• Will abnormal veins grow back?

    Abnormal veins do not grow back. But, abnormal veins can sometimes develop in another area of the pelvis causing a recurrence of symptoms. If needed, the embolization procedure may be repeated to treat this new source of pelvic pain.

  • How will the blood get drained from the ovaries/pelvis if the veins are blocked?

    There are many veins in the pelvis that “take over” the process of returning blood back to the heart. The dilated pelvic veins and pelvic varicosities serve no purpose other than allowing blood to collect and pool, causing pain. Embolizing the dilated pelvic veins/pelvic varicosities relieves pelvic venous congestion and does not interfere with blood return to the heart.

  • What are the risks? What are the benefits of the procedure?

    The risks of the pelvic venogram with ovarian / pelvic vein embolization are as follows:

    • Migration of a coil from the ovarian / pelvic vein to the lung. This is an uncommon occurrence and typically the coil can be easily retrieved using a special catheter.
    • Non-target embolization with the medical glue used to help block off the congested pelvic / ovarian veins. This means an area other than the congested vein becomes blocked. This is an uncommon occurrence.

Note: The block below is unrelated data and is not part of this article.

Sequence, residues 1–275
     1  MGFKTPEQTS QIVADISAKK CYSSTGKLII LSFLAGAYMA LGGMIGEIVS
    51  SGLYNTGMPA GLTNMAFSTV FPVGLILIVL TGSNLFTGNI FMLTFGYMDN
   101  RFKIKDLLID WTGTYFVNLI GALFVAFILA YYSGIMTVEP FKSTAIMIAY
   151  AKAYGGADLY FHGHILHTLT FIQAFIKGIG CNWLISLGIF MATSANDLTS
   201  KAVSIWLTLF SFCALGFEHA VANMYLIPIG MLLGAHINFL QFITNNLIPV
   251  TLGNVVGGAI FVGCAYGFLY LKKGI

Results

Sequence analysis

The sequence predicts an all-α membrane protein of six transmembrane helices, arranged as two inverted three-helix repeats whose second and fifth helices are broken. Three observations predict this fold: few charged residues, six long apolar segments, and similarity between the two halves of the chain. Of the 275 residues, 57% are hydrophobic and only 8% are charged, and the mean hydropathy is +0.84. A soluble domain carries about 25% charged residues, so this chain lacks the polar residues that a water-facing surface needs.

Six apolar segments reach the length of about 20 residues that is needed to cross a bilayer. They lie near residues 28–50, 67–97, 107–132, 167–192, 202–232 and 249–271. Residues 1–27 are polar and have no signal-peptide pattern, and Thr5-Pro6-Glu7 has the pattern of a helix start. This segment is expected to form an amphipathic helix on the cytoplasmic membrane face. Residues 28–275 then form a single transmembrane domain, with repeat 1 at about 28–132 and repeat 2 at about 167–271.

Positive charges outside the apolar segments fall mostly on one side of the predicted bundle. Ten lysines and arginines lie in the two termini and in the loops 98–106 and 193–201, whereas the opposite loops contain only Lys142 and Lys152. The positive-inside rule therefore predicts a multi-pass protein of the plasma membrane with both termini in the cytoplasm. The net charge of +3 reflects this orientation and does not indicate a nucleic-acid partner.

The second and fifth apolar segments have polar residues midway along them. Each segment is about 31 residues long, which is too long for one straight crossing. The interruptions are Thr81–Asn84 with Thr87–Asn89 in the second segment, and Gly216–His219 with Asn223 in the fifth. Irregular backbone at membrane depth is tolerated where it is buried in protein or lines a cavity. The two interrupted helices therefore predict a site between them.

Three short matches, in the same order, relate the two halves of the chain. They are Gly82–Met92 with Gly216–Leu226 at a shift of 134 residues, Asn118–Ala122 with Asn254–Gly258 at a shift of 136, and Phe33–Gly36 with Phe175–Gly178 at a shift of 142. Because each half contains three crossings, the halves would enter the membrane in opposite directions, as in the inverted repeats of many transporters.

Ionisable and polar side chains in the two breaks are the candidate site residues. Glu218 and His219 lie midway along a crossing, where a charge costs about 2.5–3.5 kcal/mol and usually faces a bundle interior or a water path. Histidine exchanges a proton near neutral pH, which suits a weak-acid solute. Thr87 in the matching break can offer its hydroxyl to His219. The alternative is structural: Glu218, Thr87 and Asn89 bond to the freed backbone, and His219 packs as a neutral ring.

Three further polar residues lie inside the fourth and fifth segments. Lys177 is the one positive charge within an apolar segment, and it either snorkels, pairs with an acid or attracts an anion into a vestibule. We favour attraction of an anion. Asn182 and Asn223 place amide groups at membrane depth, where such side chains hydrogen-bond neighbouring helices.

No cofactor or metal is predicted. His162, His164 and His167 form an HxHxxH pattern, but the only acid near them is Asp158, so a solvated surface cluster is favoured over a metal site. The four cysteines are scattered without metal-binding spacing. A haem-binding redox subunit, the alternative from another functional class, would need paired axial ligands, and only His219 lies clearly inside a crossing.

• Hematoma or bruising around the site where the puncture was made (in the neck or groin area).
    • A reaction to the special dye used during the procedure to help visualize the veins. This is a rare occurrence.

    The benefits of the procedure:

    •  It is a minimally invasive procedure with a short recovery time.
    •  50 – 80 % of all patients have significant reduction of their pelvic pain symptoms.
    •  Typically, the symptoms do not recur.
    •  It is an outpatient procedure with a short recovery time.
  • When can I return to my normal activities/work?

    Typically, we recommend a week off of work. If you do heavy lifting with your job, we recommend approximately 2 weeks off of work or returning to work with a restriction on heavy lifting.

  • When will I feel better?

    It takes time for the distended, stretched pelvic veins to shrink and relieve symptoms. It may take up to six months following the procedure to for optimal pain relief to occur. If symptoms do continue after the procedure, they are usually milder than previously experienced.

  • What if no abnormal veins are found?

    Chronic pelvic pain is often the result of several co-existing conditions. If pelvic venous congestion is not identified, then this condition is ruled out as a source for the pelvic pain and other medical conditions will need to be explored.

Andrew B. Weber, MD

Vascular & Interventional Radiologist
  • BS, University of Pennsylvania
  • MD, Temple University Medical School
  • Internship in surgery, York Hospital
  • Chief resident, Duke University Medical Center
  • Former Chief, Rex Hospital Radiology
  • 2009 Chairman, Rex Hospital Open
  • Rex Corporate Counsel
  • Native of Pennsylvania

Expertise in vascular/interventional radiology and MR angiography
Joined Raleigh Radiology in 1992

Mark H. Knelson, MD